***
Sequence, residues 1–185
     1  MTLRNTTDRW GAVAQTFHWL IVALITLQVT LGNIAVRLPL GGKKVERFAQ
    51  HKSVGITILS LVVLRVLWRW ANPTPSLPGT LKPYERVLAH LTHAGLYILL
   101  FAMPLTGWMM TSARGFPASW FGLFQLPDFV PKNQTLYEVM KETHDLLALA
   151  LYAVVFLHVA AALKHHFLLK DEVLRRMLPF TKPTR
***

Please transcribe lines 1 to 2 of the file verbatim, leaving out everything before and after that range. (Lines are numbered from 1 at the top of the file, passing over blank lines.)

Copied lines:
Sequence, residues 1–185
     1  MTLRNTTDRW GAVAQTFHWL IVALITLQVT LGNIAVRLPL GGKKVERFAQ